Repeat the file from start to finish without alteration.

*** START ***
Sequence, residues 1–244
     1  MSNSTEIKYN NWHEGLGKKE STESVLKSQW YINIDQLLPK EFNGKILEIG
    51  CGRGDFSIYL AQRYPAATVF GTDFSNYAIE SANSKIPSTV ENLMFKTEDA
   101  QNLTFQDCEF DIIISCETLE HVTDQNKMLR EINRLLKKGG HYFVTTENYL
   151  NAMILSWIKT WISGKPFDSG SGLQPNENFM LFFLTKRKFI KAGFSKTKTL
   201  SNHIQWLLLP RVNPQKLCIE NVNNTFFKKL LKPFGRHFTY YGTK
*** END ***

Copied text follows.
Sequence, residues 1–244
     1  MSNSTEIKYN NWHEGLGKKE STESVLKSQW YINIDQLLPK EFNGKILEIG
    51  CGRGDFSIYL AQRYPAATVF GTDFSNYAIE SANSKIPSTV ENLMFKTEDA
   101  QNLTFQDCEF DIIISCETLE HVTDQNKMLR EINRLLKKGG HYFVTTENYL
   151  NAMILSWIKT WISGKPFDSG SGLQPNENFM LFFLTKRKFI KAGFSKTKTL
   201  SNHIQWLLLP RVNPQKLCIE NVNNTFFKKL LKPFGRHFTY YGTK